). The apps I have to start through a terminal are Carbon and Teamviewer. I don't know why, but when I had an earlier version of Ubuntu, Teamviewer did not need to start through a terminal. Also on an older version of Ubuntu my computer was still slow. I want to switch to Ubuntu because the Windows 8 Consumer Preview is EVIL. Can you please tell me how to get the fastest experience on Ubuntu?

        • dragonmouth
          February 13, 2013 at 5:09 pm

          What are the specs of your PC? It may not be powerful enough to run Ubuntu, although I doubt it.

          I do not use Ubuntu or any other distro based on it so I cannot help you with specifics but, just like in Windows, you should be able to start all apps from the Applications menu. Maybe the posters that do use Ubuntu can help you. Having said that, I can offer some general advice. Just like in Windows, make sure that you are automatically starting only the programs and processes that you absolutely need.

  7. Samyak Puri
    February 5, 2013 at 7:29 pm

    Many application alternatives for the windows programs work better than the one for windows. Also linux gives a person more control over his system. Linux has come a long way from the cli to gui, with a large no. of option for the user to select from. Linux is all about choice and best of all almost all applications for linux are free.

  8. Mats
    February 5, 2013 at 7:55 am

    I have been checking out the various distros including my own favorite, Mint, for a looong time now, but the deal breaker for me was always the virtually non existing support for my Canon MX850 MFD. I never got it to play well with and Linux version in the past. Hopefully the newest version have included Canon drivers. Same goes for MagicJack...could I possibly run MagicJack and the printer on a virtual machine?

    • Nicko Porras
      February 8, 2013 at 2:32 am

      if it is a Usb, yes you can

  9. Ron Lister
    February 5, 2013 at 1:23 am

    I've yet to try linux is it worth the switch, I should probably try it out on a spare computer to see what it has to offer, and if I want to learn it all.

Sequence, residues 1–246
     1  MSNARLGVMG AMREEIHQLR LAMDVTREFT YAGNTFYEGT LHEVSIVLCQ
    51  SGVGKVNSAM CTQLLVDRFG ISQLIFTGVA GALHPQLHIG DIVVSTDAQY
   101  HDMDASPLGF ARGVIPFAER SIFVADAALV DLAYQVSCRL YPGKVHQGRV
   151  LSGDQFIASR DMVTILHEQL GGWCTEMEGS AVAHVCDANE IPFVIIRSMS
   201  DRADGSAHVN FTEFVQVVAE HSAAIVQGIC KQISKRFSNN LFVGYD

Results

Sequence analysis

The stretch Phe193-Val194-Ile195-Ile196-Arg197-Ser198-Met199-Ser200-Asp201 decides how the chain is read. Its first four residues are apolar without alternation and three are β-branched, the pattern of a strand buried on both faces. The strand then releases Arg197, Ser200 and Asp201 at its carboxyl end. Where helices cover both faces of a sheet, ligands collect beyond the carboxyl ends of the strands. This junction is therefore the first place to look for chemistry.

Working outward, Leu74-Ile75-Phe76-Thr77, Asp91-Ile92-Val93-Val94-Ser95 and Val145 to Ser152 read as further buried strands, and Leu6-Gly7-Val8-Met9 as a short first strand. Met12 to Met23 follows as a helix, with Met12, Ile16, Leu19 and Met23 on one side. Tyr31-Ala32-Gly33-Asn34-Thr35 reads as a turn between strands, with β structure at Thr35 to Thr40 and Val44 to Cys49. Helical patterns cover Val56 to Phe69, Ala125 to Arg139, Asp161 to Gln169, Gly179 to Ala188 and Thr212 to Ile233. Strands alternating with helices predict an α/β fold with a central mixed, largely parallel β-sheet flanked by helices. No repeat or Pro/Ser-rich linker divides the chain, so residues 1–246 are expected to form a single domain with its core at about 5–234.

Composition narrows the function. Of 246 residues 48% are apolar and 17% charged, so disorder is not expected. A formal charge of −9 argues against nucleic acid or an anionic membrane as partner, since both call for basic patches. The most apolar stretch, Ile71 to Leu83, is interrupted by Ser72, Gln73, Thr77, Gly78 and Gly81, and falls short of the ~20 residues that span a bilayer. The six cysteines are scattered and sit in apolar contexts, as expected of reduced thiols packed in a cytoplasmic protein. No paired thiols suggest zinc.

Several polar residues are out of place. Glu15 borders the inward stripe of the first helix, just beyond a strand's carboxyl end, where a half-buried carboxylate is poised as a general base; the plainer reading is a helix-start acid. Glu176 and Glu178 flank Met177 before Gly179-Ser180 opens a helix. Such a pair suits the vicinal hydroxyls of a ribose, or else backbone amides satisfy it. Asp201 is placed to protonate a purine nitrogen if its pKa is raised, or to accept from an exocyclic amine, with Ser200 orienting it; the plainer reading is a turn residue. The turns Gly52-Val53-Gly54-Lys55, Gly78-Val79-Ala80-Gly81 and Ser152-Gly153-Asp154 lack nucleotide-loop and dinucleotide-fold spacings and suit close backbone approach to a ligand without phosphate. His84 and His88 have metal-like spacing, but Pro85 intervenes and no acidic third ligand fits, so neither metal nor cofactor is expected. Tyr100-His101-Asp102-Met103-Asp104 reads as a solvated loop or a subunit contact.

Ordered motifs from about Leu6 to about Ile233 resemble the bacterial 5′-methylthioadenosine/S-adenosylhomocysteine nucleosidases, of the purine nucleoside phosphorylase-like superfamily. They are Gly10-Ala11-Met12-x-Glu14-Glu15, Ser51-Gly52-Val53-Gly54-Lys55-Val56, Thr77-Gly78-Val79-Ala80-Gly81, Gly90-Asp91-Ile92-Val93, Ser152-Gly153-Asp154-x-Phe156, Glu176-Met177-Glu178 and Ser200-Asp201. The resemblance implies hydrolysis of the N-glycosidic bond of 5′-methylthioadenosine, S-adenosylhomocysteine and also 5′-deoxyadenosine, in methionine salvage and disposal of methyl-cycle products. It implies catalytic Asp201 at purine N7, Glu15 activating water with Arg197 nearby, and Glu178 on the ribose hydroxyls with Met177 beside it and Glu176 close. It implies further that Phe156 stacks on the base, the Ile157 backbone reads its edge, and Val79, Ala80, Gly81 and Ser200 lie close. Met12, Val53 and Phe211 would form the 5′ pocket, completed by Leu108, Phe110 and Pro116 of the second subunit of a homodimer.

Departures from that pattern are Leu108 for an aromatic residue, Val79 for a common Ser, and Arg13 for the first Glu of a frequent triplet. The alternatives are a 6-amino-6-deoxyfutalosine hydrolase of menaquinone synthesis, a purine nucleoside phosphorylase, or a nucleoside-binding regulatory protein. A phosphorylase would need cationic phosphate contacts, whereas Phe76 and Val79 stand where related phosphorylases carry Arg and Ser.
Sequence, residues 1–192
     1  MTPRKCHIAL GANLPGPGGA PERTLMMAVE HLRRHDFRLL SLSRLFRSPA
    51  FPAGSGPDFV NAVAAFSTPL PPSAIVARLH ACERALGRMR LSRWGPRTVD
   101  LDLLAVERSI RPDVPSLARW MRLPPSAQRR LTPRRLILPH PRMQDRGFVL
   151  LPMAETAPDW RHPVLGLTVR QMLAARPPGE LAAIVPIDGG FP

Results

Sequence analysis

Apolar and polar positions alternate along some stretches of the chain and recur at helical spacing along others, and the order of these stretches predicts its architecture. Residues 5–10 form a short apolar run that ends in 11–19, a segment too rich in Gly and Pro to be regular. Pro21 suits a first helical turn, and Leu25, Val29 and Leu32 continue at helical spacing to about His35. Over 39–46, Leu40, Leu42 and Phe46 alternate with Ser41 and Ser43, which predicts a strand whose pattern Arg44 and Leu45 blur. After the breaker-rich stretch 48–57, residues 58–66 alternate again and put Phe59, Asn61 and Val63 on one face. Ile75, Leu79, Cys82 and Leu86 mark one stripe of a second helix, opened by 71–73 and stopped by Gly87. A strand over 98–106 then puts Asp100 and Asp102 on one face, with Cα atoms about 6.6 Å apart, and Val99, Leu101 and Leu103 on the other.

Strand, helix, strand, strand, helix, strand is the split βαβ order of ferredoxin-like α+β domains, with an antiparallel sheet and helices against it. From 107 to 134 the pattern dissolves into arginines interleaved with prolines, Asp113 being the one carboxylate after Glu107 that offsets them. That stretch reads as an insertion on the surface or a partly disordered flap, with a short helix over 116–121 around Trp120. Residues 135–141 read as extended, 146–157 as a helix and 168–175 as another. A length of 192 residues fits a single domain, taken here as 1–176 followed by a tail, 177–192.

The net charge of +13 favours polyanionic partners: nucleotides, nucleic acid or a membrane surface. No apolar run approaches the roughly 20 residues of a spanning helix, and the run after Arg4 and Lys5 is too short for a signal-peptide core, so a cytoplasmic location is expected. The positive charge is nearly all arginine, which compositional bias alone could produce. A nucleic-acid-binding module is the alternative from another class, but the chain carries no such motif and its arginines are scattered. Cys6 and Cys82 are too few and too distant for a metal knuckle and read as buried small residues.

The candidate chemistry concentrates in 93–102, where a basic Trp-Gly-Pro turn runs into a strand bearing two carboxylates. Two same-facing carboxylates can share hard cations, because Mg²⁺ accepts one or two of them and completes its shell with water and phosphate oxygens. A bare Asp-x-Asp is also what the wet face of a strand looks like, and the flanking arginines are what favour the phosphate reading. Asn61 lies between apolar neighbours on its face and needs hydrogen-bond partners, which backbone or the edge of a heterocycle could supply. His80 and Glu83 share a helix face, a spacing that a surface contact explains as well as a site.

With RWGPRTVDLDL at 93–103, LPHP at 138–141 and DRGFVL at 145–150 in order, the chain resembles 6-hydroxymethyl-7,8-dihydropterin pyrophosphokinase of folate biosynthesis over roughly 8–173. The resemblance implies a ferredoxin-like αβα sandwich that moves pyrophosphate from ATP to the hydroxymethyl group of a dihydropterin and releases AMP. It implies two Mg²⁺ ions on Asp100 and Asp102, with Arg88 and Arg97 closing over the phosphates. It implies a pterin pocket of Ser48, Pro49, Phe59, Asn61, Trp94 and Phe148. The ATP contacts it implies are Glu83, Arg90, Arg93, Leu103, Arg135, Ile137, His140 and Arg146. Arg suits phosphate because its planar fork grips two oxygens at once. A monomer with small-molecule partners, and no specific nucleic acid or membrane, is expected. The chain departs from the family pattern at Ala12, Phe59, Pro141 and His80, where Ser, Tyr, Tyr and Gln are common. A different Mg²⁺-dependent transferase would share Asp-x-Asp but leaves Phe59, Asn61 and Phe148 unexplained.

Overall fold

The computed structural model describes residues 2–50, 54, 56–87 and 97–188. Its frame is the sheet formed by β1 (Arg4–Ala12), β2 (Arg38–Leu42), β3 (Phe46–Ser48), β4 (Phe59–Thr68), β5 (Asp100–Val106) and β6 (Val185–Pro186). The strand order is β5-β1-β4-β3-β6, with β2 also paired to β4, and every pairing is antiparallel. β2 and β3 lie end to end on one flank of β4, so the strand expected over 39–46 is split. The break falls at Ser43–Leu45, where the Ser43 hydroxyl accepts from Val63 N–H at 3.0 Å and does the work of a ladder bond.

10. Elan Chezhiyan
    February 4, 2013 at 9:19 pm

    i installed linux recently and i is awsome. i was using windows 8 and this impressed me inspite of that. it is fast and reading and writing speed of my pen drive is much faster in ubuntu 12.10

  11. rshewmaker
    February 4, 2013 at 6:54 pm

    I enjoy Ubuntu, but Samba is a nightmare when trying to stream to Windows 7 or 8. And, having to learn Terminal code (to dismantle the power screensaver, etc) is a headache.

  12. Amassine Omar
    February 4, 2013 at 6:27 pm

    i like yhis Ubuntu and use it for along time

  13. Christopher Ballenger
    February 3, 2013 at 7:55 pm

    I am actually moving away from Linux. Especially on my personal computer (No Pun Intended).

    • dragonmouth
      February 4, 2013 at 11:21 pm

      "I am actually moving away from Linux. Especially on my personal computer"

      Why? Could you please elaborate.

  14. Kylee Kanavas
    February 2, 2013 at 4:35 pm

    How hard is it to use wine?

    • Chris Hoffman
      February 3, 2013 at 12:38 am

      Depends. Something like PlayOnLinux makes it really easy. For some software, you may have to do more manual stuff, but the Wine AppDB often helps walk you through that stuff.

  15. Atuyota Uchefe
    February 2, 2013 at 7:48 am

    I have ubuntu precise pangolin installed unfortunately couldn't update the apps can anyone advice me on an offline method greatly appreciate

    • Nicko Porras
      February 8, 2013 at 2:30 am

      you can get the deb package from the site or its Launchpad..

  16. Aqueel Rafique
    February 2, 2013 at 12:49 am

    I moved a lot of my desktops and laptops from the long loved Windows XP to Ubuntu, simply because of how fast Ubuntu is and the hardware and software support for it. Installing Ubuntu is fast and easy. Best of all it's all free. All of my Computers runs Ubuntu or at least dual booted. In a nut shell, I love Ubuntu :)

  17. Rob Pilgrim
    February 2, 2013 at 12:15 am